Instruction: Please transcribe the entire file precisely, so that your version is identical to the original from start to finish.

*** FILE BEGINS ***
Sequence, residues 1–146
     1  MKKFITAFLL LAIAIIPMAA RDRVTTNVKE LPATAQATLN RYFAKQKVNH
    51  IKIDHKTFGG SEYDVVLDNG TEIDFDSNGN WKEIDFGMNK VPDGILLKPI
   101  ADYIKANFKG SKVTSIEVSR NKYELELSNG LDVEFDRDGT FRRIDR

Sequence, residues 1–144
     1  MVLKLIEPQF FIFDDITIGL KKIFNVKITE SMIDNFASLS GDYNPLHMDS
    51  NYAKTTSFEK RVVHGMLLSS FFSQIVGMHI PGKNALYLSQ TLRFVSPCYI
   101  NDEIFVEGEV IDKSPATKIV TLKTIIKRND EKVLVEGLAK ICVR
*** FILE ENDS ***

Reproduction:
Sequence, residues 1–146
     1  MKKFITAFLL LAIAIIPMAA RDRVTTNVKE LPATAQATLN RYFAKQKVNH
    51  IKIDHKTFGG SEYDVVLDNG TEIDFDSNGN WKEIDFGMNK VPDGILLKPI
   101  ADYIKANFKG SKVTSIEVSR NKYELELSNG LDVEFDRDGT FRRIDR

Sequence, residues 1–144
     1  MVLKLIEPQF FIFDDITIGL KKIFNVKITE SMIDNFASLS GDYNPLHMDS
    51  NYAKTTSFEK RVVHGMLLSS FFSQIVGMHI PGKNALYLSQ TLRFVSPCYI
   101  NDEIFVEGEV IDKSPATKIV TLKTIIKRND EKVLVEGLAK ICVR